Thus I resolved that I must do the righteous thing, and make her my wife. I consoled myself with the Opinion that if I must consent to marriage, then a Holyoke girl was assuredly the best Variety. After all was she not skilled in Handicraft & decoupage? Did she not possess wide-hips for child rearing? Would she not lend Dignity and Honor to my household? And besides, it would soil old Worthington’s pride in a most acute manner, a realization that I coveted above all things.

Thus without further procrastination I rung up the Reverend Holyoke. He was a reasonable man, and surely wished, as I did, to settle this discreetly. I was brought into his sitting room and warmed myself by the fire.

“I have come about your daughter,” I said.

“My daughter?” he asked.

“Yes, your Reverence. You see, I have come to know your daughter, and have been most enchanted by her charms and skills. Particularly her skills in the hand-Loom and Decoupage.”

Holyoke seemed perturbed by this talk. “But my daughter is promised to Mr. Worthington?”

“Yes indeed, but I’m afraid circumstances have arisen that make it impossible.”

“Circumstances?” he said in a high voice. “What circumstances?”

“Well, that is where our conversation becomes rather sordid I’m afraid.”

“Sordid!” he cried.

“Yes well it’s nothing for you to become excited over.“

He rang the bell ferociously, which brought a young girl skipping through the parlor door. She was charming, though not quite so petite as Harriet.

“Madeline, this here is Mister Sperryhawke, whom I believe you know,” he said.

Miss Madeline curtsy’d, as ladies of breeding are wont to do. I tipped my hat, and said that it was a pleasure to make her acquaintance.

“I’m sure she is quite lovely -- but I mean your other daughter.”

“My other daughter!” cried Holyoke.

“Yes I have even seen her here in this house,” I rejoined. “The one who has often accompanied you to Chapel.”

It was then that Harriet came into the room, likely to see about the commotion. I smiled as she entered, and felt relieved that I should make my case the better. “This, this is your other daughter. This is your daughter Miss Holyoke!”

“Mister Sperryhawke! This is not my daughter!” cried the President, and stretched out a long finger. “She is my house maid!”

“Your housemaid!” I cried, for I did not expect that this maid also came with a dowry of six-hundred. I found the wind emptied from my lungs, and rested myself on the mantle. “You mean to tell me that I have seeded your housemaid?”

“Seeded!” roared Holyoke. “That you have seeded my housemaid!

My jaw dropped to my chest, and I looked about the room for some indication that I was in the midst of a terrible nightmare. “That I have seeded your housemaid?”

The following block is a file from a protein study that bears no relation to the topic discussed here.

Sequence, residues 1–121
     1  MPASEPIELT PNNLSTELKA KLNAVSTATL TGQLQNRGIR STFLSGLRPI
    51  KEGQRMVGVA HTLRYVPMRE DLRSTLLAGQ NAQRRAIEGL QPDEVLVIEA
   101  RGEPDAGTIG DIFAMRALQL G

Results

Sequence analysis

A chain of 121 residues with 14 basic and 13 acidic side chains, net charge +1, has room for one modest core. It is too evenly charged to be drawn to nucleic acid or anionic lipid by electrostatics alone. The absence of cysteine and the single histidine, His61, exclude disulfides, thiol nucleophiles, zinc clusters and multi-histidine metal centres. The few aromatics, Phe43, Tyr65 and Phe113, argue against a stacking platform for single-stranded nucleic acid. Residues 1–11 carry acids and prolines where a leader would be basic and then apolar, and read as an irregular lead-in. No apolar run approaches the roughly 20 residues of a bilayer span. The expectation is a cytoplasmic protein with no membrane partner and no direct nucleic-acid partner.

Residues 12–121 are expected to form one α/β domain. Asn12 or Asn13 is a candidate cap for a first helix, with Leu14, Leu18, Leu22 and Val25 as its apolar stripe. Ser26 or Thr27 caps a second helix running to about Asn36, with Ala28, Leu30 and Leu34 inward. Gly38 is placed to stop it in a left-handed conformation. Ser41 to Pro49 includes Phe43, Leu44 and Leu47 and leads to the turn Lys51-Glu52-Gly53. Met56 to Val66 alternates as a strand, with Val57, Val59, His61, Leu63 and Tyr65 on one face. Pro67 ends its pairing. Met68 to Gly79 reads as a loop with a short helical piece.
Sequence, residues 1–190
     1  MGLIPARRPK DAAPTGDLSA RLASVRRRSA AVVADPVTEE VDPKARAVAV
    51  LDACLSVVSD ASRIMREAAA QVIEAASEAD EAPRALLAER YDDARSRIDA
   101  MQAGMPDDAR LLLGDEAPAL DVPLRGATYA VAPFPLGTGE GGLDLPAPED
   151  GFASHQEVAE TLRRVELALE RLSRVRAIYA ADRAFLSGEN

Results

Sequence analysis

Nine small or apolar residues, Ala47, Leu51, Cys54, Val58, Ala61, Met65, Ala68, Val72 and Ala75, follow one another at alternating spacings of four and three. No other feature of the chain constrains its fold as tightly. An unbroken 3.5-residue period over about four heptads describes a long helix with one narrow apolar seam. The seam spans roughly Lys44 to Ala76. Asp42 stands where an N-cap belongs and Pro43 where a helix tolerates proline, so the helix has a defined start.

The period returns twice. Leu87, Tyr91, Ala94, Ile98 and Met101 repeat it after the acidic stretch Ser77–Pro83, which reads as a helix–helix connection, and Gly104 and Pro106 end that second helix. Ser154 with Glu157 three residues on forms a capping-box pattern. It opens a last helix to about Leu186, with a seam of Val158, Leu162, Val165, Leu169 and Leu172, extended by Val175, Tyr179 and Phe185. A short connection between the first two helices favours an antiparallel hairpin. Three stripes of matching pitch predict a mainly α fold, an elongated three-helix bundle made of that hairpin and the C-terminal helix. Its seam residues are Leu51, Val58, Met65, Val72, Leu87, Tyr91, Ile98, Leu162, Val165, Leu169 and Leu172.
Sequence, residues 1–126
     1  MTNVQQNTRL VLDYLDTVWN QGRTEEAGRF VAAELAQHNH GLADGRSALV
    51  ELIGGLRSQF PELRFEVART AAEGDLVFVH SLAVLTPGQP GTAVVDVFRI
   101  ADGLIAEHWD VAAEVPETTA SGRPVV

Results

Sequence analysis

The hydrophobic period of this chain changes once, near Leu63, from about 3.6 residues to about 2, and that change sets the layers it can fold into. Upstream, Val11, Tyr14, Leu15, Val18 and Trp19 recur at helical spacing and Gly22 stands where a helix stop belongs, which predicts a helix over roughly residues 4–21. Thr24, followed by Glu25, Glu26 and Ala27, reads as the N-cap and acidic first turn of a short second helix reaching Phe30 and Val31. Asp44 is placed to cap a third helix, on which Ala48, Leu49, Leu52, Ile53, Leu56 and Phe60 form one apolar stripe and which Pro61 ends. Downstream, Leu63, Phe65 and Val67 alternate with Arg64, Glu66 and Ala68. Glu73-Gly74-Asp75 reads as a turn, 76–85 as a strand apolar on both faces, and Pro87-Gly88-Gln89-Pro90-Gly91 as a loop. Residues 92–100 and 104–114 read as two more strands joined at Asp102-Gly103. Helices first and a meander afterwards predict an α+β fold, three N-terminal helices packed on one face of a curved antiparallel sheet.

“You are condemned, Master Sperryhawke! Condemned and dismissed! They say that I am a libertine mister Sperryhawke, but I am not so far gone as to allow Fornication in my household! It is the limit, Mister Sperryhawke!”

“But your Honor, if you’ll only listen,” I protested.

“Fornication is set at a 12 shilling fine! I have not the slightest idea what the fine for consummation is, but I can assure you master Sperryhawke, it is not less than 15 shillings!”

By that point in the conversation, Holyoke was chasing me around the parlor with his cane, threatening to beat me if he caught hold of my person.

* * *

I managed to escape the President’s house, and raced as quickly as I could to the Pig and Thistle, where I found Thomas engaged in drink with some low fellows from the docks. I soon caught my breath and told him of my confrontation with the President. But Thomas was in his cups, and thought the whole charade very amusing. It was only after several pleadings that I persuaded him this was no laughing matter, and inquired him to provide me a remedy.

“George, I can tell you plainly that if you stay here, you’ll be expelled. Thrashed perhaps and put in the stockades.”

“Then what am I to do Thomas?” I asked.

Thomas scrawled a few notes on a scrap of paper. “Take this note, and go down to Duxbury. My brother-in-law there has a ship and they are setting sail for the Indies.”

“Christ, I shan’t like that!”

“Oh come now George my boy! You’re always going on about the Indies and sugar plantations. This is just the thing for you.”

Thomas was never a man of indecision. He pushed me towards the door, and told me that he should get word to the Dowager. Then he embraced me, promised me that his brother would look after me. “Now you must go George!”

I knew Thomas was right, and that Holyoke was likely at that moment setting the local Magistrate upon me. I did not even bother to fetch my things from my rooms, but instead took turn at Braintree Street. And so it was that in the spring of 1763, I went down to Duxbury to take ship for Indies -- an outcast, alone, and penniless, but resolved to make myself a gentleman.